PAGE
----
Many muscadines are sterile and need a pollinator. The varieties described below as "perfect" will pollinate themselves and any other variety. 'Hunt' This dull black fruit ripens evenly. The quality is excellent, very good for wine and juice. The vine is vigorous and productive. This variety is unanimously recommended for home and commercial planting by the Muscadine Grape Committee. Origin: Georgia, 'Jumbo' This is a very large black muscadine of good quality. It ripens over several weeks, so it is excellent for fresh home use. The vines are disease resistant. Origin: southern United States. 'Magoon' Perfect. Reddish purple berries are medium sized and have a sprightly, aromatic flavor. The vine is productive and vigorous. Origin: Mississippi. 'Scuppernong' Most people call any similar grape a scuppernong, but this is the real
variety. The fruit color varies from greenish to reddish bronze, depending on sun. It is late ripening, sweet, and juicy with aromatic flavor. Good for eating fresh or for wine. Origin: North Carolina. 'Southland' Perfect. This very large grape is purple and dull skinned with good flavor and high sugar content. The vine is moderately vigorous and productive. Good for the central and southern Gulf Coast states. Origin: Mississippi.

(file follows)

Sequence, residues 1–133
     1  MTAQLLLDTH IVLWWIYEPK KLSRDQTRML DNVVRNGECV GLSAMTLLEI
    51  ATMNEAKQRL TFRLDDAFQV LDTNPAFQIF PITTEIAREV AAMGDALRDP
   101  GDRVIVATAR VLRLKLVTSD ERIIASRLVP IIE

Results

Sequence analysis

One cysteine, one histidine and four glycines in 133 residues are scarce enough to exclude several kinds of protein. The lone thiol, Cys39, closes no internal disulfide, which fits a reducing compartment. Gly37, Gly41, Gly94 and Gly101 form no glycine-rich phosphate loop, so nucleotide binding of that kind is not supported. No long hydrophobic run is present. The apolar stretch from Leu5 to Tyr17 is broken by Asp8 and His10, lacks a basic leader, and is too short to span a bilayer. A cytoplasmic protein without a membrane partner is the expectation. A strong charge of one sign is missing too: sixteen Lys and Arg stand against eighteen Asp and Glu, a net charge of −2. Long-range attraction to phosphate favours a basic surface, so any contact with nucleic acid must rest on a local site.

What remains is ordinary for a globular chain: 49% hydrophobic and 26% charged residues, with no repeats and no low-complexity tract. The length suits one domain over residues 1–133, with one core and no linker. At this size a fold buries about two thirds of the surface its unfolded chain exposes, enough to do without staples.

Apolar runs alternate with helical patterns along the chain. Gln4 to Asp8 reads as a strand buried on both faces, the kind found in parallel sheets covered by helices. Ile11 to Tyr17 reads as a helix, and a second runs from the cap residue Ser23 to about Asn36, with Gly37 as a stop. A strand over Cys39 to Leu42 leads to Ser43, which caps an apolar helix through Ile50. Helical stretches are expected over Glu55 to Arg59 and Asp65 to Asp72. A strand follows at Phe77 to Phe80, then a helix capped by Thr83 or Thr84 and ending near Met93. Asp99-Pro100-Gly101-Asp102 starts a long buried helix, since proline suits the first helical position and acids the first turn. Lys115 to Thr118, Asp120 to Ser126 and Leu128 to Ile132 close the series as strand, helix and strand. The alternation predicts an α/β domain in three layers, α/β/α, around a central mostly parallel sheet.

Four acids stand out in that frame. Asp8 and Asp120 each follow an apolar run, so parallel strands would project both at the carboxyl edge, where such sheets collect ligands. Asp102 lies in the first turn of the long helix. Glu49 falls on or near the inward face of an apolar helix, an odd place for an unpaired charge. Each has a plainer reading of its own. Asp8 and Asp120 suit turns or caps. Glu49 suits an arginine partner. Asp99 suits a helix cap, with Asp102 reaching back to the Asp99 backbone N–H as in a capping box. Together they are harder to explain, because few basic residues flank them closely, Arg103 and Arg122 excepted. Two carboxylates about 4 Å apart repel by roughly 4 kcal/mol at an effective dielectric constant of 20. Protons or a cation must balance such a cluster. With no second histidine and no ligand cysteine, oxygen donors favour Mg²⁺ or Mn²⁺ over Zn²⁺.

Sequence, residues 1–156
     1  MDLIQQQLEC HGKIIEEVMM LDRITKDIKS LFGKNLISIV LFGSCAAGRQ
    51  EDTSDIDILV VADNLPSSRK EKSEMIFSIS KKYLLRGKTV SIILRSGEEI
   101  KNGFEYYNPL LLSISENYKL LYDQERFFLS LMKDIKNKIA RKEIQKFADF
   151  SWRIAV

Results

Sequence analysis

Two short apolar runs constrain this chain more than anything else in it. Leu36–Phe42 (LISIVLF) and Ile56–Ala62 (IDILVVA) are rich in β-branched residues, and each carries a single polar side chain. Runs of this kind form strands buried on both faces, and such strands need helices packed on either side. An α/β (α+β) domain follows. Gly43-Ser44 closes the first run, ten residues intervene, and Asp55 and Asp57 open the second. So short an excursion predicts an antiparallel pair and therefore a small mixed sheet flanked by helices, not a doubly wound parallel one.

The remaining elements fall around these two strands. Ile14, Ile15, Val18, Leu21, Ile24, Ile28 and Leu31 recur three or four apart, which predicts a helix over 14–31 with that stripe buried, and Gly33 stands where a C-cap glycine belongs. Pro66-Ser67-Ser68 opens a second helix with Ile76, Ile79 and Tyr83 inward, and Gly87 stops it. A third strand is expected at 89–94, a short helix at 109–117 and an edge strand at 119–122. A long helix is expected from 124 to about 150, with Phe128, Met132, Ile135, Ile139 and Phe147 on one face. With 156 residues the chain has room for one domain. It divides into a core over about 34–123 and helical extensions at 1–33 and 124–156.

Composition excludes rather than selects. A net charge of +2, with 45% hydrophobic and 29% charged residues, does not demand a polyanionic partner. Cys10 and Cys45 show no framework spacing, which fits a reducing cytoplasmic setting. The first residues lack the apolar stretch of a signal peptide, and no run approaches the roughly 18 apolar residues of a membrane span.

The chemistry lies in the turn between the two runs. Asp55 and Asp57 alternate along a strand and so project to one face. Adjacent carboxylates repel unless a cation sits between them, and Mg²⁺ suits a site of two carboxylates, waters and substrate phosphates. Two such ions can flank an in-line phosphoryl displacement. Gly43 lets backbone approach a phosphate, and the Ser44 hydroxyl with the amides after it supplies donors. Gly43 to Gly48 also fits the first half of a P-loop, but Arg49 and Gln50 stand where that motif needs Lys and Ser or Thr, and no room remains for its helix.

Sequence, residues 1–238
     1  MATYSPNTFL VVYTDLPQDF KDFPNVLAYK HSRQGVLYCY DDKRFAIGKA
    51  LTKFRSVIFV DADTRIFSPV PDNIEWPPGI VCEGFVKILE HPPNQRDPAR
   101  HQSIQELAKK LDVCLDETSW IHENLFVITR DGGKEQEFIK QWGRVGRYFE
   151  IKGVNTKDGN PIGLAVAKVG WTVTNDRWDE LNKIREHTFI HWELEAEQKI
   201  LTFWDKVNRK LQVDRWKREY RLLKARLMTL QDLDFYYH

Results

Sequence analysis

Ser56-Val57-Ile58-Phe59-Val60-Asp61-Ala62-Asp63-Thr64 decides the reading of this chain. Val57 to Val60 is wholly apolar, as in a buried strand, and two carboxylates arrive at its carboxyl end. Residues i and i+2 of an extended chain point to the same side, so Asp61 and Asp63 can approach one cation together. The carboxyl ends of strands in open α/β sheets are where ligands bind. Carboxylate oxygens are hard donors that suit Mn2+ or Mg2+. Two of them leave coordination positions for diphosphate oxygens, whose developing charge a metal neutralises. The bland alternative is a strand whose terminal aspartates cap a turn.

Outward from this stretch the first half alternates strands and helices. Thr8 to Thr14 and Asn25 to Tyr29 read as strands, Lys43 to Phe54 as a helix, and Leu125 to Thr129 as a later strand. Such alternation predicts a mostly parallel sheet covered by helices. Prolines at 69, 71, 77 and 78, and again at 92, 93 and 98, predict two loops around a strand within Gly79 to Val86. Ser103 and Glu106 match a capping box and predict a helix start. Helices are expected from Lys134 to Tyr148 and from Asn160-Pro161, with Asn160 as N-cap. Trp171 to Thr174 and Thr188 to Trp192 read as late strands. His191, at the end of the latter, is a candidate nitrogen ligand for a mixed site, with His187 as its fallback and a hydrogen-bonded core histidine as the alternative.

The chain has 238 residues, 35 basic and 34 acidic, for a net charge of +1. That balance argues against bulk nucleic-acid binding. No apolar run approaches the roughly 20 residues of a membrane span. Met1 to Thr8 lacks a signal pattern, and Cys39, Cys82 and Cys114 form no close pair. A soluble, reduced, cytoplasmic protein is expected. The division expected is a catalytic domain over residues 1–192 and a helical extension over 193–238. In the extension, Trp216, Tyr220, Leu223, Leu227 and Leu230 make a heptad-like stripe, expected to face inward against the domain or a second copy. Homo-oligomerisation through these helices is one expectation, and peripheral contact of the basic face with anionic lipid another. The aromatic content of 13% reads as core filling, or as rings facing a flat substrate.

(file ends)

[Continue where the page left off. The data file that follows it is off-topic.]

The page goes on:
'Thomas' This standard grape has reddish black, small to medium berries that are very sweet and excellent for fresh juice. Locally available. Origin: southern United States. 'Topsail' Clusters of three to five berries have green fruit splotched with bronze. This sweetest of all muscadines is very good for fresh use. It is a poor producer. Vines are not very' hardy but are disease resistant. Origin: North Carolina. 'Yuga' These reddish bronze berries are sweet and of excellent quality but ripen late and irregularly. They are fine for home gardens. Origin: Georgia.